Local Govt | National News Video | Parliament Headlines | Politics Headlines | Search

 


High Court rules in favour of QEII National Trust

Media release

27 February 2014

High Court rules in favour of QEII National Trust

A High Court judge yesterday ruled in favour of the QEII National Trust in a case that took Canterbury farmer R H Wobben of Netherland Holdings Limited to court for breaching an interim injunction order. The order was issued to prevent him causing ongoing damage to covenants on his property.

The purpose of the injunction was to “hold the fort” while the Trust progressed its claim to restore woodland covenants that Mr Wobben extensively damaged early in 2013 by clearing large areas.

The Trust was forced to apply for the interim injunction order after Netherland Holdings Limited failed to adhere to a written agreement to stop further damaging activity in the covenants while restoration steps were being agreed. It subsequently lodged an application with the High Court after it obtained clear evidence that Mr Wobben was ignoring the injunction conditions.

Netherlands Holdings Limited’s actions have severely damaged one of the last remaining pockets of undisturbed kanuka woodlands on the Canterbury Plains. Kanuka woodlands are only found in semi-arid, low nutrient environments such as the Canterbury Plains. Due to pastoral development, 99.7% of this type of woodland ecosystem has been lost here.

The primary objective of the Trust’s action is to defend the covenant agreement and secure the restoration of the rare woodland remnant.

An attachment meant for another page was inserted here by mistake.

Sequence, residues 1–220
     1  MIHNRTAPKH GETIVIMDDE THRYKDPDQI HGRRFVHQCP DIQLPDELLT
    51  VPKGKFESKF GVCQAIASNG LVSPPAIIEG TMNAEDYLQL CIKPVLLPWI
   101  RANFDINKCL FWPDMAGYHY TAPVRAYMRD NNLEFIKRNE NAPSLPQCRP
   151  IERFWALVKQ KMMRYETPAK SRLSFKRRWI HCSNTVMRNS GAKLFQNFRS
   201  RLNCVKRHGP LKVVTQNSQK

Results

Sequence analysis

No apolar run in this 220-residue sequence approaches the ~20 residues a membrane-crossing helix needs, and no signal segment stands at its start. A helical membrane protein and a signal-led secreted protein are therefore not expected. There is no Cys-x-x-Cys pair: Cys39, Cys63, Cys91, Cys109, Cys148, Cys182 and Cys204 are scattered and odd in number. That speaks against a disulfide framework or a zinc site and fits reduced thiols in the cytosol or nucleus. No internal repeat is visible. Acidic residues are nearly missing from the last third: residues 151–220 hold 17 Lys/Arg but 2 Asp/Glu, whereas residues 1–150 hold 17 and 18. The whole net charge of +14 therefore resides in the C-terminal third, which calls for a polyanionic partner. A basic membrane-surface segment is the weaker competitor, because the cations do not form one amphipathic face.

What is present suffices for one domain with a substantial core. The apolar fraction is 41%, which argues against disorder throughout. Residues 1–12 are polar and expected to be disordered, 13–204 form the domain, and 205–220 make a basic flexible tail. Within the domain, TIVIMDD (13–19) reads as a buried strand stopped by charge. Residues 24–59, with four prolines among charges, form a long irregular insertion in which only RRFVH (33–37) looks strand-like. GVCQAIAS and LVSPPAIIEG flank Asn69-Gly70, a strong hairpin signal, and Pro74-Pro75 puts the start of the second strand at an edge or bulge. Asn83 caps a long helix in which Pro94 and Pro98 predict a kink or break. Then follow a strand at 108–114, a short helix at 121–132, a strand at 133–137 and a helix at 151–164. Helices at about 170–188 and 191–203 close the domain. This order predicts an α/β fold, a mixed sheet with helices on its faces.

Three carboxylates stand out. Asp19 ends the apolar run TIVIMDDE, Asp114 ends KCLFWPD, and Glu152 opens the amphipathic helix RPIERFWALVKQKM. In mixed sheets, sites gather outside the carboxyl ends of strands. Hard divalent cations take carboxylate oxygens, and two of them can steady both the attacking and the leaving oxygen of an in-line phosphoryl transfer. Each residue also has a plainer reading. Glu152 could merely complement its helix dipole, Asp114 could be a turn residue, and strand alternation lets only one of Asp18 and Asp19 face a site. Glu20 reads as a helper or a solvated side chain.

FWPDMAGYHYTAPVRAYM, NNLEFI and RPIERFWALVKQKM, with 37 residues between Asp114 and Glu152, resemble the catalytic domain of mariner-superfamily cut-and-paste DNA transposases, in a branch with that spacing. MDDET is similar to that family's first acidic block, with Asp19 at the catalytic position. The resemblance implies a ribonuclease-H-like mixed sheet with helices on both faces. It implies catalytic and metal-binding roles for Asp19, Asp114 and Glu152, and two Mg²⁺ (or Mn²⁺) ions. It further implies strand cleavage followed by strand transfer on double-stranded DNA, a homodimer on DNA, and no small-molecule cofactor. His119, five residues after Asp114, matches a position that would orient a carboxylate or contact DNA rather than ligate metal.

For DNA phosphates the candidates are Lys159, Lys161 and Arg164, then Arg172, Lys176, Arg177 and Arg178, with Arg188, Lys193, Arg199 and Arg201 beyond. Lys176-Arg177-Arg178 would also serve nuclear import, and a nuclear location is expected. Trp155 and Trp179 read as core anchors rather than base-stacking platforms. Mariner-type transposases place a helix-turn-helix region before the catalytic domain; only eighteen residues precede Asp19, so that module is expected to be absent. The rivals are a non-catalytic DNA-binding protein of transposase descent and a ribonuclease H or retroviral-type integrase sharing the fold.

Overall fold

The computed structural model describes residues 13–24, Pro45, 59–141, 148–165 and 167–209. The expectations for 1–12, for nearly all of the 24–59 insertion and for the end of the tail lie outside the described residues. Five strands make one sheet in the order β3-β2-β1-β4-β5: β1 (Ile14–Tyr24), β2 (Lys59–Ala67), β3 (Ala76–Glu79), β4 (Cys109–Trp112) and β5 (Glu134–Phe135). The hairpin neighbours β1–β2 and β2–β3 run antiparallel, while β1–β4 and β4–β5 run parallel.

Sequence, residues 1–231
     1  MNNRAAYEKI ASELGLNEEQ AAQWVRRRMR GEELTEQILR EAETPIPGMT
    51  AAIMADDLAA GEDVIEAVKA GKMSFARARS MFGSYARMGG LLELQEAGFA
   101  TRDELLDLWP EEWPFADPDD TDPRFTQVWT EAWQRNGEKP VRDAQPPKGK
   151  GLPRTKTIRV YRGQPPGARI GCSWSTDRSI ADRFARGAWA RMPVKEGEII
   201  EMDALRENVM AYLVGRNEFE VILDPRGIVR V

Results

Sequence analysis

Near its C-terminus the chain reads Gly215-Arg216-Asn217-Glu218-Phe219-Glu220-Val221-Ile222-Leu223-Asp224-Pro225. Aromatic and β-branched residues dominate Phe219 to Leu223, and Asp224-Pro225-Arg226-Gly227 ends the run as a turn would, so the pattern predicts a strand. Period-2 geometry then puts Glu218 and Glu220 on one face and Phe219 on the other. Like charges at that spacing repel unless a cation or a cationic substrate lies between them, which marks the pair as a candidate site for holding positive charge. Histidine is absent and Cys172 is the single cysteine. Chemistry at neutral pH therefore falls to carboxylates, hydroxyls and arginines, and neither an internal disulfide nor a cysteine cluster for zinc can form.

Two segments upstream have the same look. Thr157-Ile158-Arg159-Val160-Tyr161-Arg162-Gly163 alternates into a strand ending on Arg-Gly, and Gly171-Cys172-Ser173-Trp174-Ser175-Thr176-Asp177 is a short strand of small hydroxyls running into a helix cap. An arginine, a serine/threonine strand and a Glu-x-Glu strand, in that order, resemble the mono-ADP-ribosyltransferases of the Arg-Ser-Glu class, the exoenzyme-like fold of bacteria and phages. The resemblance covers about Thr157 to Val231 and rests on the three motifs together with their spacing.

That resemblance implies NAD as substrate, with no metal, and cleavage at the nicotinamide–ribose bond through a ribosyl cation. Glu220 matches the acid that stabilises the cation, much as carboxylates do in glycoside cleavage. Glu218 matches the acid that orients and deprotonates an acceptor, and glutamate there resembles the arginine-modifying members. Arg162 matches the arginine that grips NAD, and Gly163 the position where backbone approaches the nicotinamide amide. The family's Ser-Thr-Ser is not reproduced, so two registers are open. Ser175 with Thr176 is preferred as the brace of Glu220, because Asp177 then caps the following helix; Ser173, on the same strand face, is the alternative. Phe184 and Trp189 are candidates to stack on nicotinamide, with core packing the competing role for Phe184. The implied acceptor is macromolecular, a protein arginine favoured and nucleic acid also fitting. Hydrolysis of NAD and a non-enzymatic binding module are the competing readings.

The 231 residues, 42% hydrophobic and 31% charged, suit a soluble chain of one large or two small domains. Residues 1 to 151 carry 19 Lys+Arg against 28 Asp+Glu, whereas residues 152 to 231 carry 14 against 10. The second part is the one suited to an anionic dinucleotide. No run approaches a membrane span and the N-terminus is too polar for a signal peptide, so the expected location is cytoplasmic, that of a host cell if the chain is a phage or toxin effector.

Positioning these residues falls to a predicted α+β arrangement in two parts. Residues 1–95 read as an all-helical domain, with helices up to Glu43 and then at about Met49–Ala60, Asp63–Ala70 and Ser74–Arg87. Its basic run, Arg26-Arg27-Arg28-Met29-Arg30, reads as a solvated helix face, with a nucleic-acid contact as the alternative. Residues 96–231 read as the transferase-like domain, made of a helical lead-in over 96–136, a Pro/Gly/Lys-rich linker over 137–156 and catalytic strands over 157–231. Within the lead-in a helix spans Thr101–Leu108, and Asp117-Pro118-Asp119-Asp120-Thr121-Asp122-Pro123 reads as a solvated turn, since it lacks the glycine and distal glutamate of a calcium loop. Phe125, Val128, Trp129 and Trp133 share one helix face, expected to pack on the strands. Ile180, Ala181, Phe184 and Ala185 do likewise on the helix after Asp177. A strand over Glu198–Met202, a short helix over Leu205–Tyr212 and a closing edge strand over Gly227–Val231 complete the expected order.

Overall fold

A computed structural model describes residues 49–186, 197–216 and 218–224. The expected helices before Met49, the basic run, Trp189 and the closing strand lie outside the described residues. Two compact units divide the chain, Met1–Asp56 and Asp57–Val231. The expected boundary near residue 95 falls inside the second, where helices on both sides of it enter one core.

The Trust was able to prove that Mr Wobben was operating irrigation equipment in the covenant and had applied fertilizer to parts of it. Both actions are very detrimental to the natural conditions required for the restoration and regeneration of the damaged covenants and directly violated the court injunction.

Justice Rachel Dunningham found that the defendant was in contempt of the Court by “repeated and deliberate breaches of the order”.
“I have no doubt that this was conduct which was wilful, reckless or contumacious on the part of the defendants.

“Mr Wobben should be in no doubt that imprisonment is an available option to punish a wilful or reckless disobedience of a Court order,” Justice Dunningham said.
Justice Dunningham recognised that the Trust’s action was taken only after its strenuous efforts to come to an agreement with the landowner to halt damaging activity and reinstate the covenants had failed.

“It is an aggravating feature of this case that the Trust has had to escalate its response to the alleged breaches of the ... covenants, from informal advice, to formal undertakings and then to seeking interim orders from the Court,” she said.

Trust Chair James Guild said the interim case has reinforced the Trust’s position as the perpetual trustee and defender of open space covenant agreements.

“While we are still to have our day in court for the original covenant breaches, this interim case shows that the measures we have had to take to defend the covenant are legally justified, and breaches of court injunctions issued on our behalf are taken seriously and can have serious consequences.
“We look forward to the day when work to restore this rare woodland ecosystem can start in earnest,” Mr Guild said.

The case seeking full restoration of the covenanted areas is still to be heard in the High Court later this year.